Pathfinders A Global History Of Exploration

Author: Felipe Fernández-Armesto
Publisher: W. W. Norton & Company
ISBN: 0393242471
Size: 52.91 MB
Format: PDF, ePub, Docs
View: 4854
Download
"A brilliant and readable book...a rich study of humankind's restless spirit." —Candice Millard, New York Times Book Review Greeted with coast-to-coast acclaim on publication, Fernández-Armesto's ambitious history of world exploration sets a new standard. Presenting the subject for the first time on a truly global scale, Fernández-Armesto tracks the pathfinders who, over the past five millennia, lay down the routes of contact that have drawn together the farthest reaches of the world. The Wall Street Journal calls it "impressive...a huge story [told] with gusto and panache." To the Washington Post, "Pathfinders is propelled by an Argonaut of an author, indefatigable and daring. It's a wild ride." And in a front-page review, the Seattle Times hails its "tart and elegant presentation...full of surprises. Fernández-Armesto's lively mind, pithy phrasing, and stunningly thorough and diverse knowledge are a constant pleasure." A plenitude of illustrations and maps in color and black and white augment this rich history. In Pathfinders we have a definitive treatment of a grand subject.

A Foot In The River

Author: Felipe Fernández-Armesto
Publisher: OUP Oxford
ISBN: 0191061840
Size: 15.52 MB
Format: PDF, ePub, Mobi
View: 5284
Download
We are a weird species. Like other species, we have a culture. But by comparison with other species, we are strangely unstable: human cultures self-transform, diverge, and multiply with bewildering speed. They vary, radically and rapidly, from time to time and place to place. And the way we live — our manners, morals, habits, experiences, relationships, technology, values — seems to be changing at an ever accelerating pace. The effects can be dislocating, baffling, sometimes terrifying. Why is this? In A Foot in the River, best-selling historian Felipe Fernández-Armesto sifts through the evidence and offers some radical answers to these very big questions about the human species and its history — and speculates on what these answers might mean for our future. Combining insights from a huge range of disciplines, including history, biology, anthropology, archaeology, philosophy, sociology, ethology, zoology, primatology, psychology, linguistics, the cognitive sciences, and even business studies, he argues that culture is exempt from evolution. Ultimately, no environmental conditions, no genetic legacy, no predictable patterns, no scientific laws determine our behaviour. We can consequently make and remake our world in the freedom of unconstrained imaginations. A revolutionary book which challenges scientistic assumptions about culture and how and why cultural change happens, A Foot in the River comes to conclusions which readers may well find by turns both daunting and also potentially hugely liberating.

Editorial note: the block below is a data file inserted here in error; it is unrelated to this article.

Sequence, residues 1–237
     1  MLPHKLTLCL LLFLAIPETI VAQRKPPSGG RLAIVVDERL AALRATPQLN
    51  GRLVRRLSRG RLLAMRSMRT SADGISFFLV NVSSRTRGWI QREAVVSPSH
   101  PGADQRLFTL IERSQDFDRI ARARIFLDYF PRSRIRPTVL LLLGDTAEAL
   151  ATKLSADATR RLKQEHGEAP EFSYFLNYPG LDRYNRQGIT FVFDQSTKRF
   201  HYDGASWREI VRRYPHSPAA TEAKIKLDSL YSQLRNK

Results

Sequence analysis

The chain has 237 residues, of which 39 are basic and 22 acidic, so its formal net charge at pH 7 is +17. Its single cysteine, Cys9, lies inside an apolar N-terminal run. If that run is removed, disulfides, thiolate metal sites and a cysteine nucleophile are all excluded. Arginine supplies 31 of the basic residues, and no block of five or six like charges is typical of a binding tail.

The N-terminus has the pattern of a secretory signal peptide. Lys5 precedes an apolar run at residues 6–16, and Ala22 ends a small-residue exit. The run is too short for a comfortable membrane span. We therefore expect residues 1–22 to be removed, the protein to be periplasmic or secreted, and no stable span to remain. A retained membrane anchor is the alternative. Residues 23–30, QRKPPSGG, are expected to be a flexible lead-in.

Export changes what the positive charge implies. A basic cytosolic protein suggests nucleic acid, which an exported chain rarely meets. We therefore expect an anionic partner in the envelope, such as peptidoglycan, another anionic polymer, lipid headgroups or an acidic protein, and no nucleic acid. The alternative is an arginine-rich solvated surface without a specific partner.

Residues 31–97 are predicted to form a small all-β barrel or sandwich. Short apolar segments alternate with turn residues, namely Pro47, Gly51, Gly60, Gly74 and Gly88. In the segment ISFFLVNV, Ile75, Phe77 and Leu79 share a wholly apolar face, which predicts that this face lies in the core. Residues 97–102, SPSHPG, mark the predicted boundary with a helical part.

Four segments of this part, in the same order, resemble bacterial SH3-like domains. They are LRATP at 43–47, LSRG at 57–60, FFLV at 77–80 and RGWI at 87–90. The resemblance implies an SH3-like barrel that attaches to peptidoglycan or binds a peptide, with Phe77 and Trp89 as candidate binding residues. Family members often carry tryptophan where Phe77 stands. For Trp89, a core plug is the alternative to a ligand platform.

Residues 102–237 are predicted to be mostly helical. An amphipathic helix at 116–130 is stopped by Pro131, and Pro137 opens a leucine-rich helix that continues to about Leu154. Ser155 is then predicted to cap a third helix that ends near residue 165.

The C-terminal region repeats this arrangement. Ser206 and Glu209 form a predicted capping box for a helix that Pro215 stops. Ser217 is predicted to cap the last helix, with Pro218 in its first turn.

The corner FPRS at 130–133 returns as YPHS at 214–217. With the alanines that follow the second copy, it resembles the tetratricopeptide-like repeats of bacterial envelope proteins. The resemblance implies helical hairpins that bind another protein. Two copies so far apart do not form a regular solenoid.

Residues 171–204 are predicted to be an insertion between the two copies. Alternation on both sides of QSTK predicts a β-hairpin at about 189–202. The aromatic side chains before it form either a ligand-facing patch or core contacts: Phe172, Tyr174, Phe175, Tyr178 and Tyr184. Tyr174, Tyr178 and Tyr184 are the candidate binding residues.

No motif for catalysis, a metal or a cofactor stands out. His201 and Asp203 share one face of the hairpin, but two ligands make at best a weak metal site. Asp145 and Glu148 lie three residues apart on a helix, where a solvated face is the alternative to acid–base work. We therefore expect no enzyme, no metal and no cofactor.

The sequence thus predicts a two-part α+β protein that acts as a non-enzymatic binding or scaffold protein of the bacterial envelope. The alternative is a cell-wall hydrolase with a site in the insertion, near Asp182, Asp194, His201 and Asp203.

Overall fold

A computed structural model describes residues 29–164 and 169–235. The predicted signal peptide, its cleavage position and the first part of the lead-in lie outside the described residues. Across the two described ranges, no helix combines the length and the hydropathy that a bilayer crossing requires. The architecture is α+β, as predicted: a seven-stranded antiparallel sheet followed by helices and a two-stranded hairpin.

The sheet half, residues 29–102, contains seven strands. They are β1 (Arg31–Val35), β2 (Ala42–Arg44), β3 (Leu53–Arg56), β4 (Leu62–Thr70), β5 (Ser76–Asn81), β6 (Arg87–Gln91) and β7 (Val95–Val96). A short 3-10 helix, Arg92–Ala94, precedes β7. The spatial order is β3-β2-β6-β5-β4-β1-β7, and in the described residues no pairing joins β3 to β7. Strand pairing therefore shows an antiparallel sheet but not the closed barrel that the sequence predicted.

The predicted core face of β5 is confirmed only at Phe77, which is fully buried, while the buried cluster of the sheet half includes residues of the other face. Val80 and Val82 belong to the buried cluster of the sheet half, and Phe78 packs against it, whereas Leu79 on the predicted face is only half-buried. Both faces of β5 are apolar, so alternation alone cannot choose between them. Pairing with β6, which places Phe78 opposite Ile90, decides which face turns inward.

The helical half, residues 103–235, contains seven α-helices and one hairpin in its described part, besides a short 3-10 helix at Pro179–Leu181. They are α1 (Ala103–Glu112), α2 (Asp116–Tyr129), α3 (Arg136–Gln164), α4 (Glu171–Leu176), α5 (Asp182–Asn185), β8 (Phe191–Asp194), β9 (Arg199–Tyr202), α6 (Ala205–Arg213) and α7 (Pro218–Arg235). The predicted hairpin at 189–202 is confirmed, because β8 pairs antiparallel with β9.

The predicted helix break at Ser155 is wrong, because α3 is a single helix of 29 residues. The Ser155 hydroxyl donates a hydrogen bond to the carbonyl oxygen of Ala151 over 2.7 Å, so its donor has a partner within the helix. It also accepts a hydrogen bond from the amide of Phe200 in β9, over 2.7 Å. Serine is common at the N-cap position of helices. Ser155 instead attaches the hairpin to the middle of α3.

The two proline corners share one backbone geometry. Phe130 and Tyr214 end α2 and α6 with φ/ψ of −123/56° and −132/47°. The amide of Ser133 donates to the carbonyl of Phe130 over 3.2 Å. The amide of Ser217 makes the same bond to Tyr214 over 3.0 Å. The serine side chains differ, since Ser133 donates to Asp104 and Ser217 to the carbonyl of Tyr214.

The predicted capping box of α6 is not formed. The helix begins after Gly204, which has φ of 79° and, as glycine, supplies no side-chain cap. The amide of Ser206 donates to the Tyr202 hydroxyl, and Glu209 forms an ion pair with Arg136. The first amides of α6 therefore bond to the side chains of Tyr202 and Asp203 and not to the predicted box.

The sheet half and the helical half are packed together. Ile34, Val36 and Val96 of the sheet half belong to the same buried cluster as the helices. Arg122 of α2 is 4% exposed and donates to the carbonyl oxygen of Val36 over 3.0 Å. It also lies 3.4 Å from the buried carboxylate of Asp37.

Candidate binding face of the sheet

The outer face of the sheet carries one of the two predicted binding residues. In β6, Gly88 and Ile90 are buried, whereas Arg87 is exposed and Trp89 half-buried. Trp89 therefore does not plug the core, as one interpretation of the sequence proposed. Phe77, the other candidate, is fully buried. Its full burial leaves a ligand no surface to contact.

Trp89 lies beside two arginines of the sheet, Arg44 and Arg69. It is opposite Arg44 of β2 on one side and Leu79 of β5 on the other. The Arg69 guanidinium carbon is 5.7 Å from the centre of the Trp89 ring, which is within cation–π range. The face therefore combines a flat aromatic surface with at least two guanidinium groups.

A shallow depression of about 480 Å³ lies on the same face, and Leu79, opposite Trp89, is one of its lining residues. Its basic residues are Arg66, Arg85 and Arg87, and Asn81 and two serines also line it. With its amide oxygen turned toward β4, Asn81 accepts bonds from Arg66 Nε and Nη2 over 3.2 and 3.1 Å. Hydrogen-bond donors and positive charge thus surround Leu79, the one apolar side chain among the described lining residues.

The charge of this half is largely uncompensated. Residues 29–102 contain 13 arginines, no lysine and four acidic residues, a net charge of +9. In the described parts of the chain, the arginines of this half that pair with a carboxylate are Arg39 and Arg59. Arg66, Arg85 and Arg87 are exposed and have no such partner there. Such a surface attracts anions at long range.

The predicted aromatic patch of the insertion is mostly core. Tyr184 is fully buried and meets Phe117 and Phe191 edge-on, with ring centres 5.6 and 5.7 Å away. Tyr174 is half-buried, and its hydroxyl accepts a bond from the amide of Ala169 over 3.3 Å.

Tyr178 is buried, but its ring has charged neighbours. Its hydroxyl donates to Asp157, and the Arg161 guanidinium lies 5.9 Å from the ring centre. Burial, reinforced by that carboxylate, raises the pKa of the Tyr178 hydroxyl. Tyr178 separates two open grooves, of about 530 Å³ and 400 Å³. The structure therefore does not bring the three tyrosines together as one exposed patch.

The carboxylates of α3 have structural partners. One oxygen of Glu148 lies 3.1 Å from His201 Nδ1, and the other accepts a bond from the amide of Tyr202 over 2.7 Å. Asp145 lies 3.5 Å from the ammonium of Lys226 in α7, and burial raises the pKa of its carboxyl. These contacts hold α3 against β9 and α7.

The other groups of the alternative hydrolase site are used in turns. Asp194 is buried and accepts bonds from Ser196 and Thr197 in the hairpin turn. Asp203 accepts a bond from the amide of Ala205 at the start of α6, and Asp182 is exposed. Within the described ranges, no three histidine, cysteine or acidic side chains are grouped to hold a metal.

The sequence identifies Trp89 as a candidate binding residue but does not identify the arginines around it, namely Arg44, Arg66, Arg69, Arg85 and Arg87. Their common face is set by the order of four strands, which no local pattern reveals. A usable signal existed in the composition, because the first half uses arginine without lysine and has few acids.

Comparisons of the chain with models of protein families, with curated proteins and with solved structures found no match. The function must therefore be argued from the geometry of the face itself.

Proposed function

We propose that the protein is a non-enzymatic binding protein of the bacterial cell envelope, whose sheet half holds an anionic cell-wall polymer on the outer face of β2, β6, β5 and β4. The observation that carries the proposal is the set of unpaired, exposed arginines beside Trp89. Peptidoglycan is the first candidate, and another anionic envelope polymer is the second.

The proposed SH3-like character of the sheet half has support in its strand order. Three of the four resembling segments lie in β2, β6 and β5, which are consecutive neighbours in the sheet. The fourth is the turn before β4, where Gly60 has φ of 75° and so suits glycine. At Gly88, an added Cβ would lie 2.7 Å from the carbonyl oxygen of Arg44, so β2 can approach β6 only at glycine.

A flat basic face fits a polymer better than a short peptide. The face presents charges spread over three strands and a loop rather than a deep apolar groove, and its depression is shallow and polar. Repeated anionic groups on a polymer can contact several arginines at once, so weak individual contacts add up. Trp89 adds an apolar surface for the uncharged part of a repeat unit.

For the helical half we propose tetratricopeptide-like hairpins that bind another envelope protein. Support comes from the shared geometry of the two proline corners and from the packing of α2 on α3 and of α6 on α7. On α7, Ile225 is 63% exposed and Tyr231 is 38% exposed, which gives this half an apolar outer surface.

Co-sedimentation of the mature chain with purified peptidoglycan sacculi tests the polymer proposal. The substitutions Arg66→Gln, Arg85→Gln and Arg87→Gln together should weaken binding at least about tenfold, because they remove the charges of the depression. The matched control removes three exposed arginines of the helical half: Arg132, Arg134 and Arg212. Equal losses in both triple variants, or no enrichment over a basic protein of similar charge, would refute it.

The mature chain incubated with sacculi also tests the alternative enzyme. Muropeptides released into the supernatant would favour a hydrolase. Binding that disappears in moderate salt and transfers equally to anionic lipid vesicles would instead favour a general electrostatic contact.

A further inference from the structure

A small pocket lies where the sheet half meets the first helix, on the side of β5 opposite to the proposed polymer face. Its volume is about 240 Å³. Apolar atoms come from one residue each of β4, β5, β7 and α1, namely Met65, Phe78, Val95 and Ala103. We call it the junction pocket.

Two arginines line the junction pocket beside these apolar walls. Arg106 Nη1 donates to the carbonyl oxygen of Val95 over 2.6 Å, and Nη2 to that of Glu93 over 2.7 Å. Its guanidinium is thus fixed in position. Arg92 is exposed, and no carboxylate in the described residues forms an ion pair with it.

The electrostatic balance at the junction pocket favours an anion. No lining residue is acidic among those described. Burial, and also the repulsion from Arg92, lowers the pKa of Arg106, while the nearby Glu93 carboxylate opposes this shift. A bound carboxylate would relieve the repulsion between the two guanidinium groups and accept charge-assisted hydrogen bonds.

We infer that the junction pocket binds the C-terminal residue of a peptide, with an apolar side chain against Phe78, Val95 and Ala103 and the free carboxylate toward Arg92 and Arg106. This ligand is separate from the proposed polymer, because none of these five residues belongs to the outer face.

Cooking Cultures

Author: Ishita Banerjee-Dube
Publisher: Cambridge University Press
ISBN: 1107140366
Size: 41.48 MB
Format: PDF, Mobi
View: 2474
Download
"Tracks the interplay of creativity, competition, desire, and nostalgia in the discrete ways people relate to food and cuisine in different societies"--